The US Department of Education’s (DOE) report on boys’ educational achievement is not about gender equality.
The authors of the report are not saying that boys and girls are not equal in achievement.
They are saying that “boys and girls have different strengths and different weaknesses and their performance needs to be carefully assessed to identify what are the most effective ways of achieving academic achievement.”
The authors, led by James Kohls, a former deputy director of the US Department Of Education’s Office For Civil Rights (OCR), have written: “The achievement gap between boys and boys continues to widen.
While boys consistently outperform girls in most areas of school achievement, there is a gender gap in the rate at which boys are graduating from high school and entering college.”
They write that the gap between “boys who are learning to read and write, and boys who are getting high school diplomas, and men who are doing both” has widened since the late 1970s.
They are also clear in stating that boys have been disadvantaged in “education and training, health and well-being, and employment opportunities”.
“Boys who are graduating are at greater risk of poverty, unemployment, and suicide than boys who have not been in school,” the report states.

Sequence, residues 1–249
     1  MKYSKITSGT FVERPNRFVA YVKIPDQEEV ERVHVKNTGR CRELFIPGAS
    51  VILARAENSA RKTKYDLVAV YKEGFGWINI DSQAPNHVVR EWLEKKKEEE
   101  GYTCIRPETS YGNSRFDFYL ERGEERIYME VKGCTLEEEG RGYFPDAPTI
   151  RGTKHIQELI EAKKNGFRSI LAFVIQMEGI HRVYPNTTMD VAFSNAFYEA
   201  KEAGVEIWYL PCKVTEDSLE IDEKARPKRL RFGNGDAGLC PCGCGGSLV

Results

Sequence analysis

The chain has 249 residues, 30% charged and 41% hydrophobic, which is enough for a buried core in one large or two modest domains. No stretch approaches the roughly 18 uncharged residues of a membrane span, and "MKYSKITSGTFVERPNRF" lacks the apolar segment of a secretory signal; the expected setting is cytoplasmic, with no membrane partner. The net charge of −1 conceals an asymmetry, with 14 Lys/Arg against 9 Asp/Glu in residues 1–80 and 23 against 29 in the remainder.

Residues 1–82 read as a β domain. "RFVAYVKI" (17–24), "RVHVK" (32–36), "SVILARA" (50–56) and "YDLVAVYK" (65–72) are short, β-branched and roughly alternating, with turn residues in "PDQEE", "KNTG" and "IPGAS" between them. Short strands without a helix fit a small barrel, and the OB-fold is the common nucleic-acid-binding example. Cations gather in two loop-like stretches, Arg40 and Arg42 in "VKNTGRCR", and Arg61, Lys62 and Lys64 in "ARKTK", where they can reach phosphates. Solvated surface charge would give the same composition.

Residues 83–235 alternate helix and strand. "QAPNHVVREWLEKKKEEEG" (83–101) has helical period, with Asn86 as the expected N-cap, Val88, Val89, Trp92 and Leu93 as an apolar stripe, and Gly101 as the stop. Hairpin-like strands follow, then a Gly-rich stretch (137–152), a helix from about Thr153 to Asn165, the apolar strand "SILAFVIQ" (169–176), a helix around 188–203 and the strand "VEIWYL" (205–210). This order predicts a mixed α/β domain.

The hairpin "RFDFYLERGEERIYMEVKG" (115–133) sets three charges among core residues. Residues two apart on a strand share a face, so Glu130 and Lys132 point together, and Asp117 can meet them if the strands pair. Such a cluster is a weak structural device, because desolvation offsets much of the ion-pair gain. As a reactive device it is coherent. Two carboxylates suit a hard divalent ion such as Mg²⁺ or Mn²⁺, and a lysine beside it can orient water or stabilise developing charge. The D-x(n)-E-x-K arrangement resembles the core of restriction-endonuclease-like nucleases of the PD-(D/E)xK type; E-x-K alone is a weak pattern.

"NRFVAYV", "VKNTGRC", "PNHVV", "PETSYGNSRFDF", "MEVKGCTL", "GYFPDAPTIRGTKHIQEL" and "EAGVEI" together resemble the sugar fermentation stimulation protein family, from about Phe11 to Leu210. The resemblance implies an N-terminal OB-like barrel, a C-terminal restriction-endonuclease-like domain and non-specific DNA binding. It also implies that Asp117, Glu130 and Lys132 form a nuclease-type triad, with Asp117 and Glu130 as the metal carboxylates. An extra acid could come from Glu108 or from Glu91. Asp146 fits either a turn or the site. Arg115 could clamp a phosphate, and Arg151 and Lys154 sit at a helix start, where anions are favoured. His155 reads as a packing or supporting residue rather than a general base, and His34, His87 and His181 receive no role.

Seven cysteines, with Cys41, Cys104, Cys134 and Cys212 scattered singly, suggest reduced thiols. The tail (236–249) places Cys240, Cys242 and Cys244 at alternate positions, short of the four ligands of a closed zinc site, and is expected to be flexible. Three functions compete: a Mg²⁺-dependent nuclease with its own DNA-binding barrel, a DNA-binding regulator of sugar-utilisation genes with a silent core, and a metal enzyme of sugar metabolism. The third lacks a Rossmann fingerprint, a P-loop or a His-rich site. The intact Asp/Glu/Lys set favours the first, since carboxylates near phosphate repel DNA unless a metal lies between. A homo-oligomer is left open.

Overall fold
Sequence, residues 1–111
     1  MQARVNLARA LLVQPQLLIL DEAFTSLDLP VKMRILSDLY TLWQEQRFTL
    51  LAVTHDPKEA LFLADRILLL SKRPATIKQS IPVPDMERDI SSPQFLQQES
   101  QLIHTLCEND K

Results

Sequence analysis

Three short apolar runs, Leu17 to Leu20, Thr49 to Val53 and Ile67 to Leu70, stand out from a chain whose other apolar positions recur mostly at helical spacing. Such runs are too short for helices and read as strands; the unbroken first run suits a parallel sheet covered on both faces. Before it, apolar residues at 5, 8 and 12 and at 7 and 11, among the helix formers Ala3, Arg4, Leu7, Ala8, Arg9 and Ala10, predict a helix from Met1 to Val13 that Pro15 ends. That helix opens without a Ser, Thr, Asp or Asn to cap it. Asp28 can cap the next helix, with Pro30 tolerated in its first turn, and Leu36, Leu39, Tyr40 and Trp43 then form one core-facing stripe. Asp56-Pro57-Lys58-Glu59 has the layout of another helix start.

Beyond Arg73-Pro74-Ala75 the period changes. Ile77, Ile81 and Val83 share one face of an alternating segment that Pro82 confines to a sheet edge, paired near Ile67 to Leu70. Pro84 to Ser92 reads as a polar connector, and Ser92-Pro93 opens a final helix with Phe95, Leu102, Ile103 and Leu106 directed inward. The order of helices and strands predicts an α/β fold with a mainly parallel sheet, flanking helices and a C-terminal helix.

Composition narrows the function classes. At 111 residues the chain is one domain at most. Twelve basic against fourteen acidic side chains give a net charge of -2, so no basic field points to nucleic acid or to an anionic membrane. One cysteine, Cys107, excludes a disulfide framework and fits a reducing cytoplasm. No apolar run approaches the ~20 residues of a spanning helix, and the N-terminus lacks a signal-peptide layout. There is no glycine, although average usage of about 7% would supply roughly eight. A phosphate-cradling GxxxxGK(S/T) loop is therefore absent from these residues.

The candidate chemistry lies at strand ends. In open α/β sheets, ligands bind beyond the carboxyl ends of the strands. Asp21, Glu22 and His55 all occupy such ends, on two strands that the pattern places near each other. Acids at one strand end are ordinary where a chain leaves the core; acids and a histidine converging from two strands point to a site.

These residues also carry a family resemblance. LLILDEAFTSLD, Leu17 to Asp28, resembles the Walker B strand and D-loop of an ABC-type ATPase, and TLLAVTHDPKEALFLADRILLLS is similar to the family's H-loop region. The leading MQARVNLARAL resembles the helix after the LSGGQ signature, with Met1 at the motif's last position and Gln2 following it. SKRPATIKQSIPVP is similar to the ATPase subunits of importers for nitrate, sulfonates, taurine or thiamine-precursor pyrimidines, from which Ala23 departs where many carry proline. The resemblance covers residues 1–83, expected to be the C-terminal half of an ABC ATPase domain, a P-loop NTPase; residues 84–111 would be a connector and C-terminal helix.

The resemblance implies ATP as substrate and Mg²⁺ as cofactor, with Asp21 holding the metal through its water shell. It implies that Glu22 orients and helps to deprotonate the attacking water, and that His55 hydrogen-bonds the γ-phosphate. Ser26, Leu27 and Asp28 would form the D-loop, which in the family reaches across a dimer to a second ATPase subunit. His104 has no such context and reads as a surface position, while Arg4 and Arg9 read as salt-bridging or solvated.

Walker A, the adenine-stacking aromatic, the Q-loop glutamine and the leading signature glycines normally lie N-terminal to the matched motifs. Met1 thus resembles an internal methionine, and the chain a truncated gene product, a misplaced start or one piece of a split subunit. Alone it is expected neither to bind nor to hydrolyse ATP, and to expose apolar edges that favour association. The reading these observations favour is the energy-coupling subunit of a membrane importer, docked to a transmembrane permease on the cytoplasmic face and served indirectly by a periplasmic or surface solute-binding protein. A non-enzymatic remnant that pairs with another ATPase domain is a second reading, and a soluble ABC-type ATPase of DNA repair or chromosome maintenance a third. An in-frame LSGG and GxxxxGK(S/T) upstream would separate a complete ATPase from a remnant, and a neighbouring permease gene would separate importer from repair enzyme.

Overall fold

The authors also note that “gender and ethnic minorities experience higher rates of school and college dropout and lower academic achievement than their non-white peers, with Hispanic boys being the only group of students who are significantly less likely to be enrolled in college than white boys.”
The report is a report from the Department of Labor’s Office Of Educational Policy And Programs, and it is part of a larger effort to make “gender equity in the workplace” a central part of the national policy agenda.
The report notes that, although women and minorities have made gains in the US, their rates of achievement have remained stagnant or decreased since the 1980s.
The report concludes that “the current levels of progress in the achievement gap are inadequate to support all women and minority students in America.”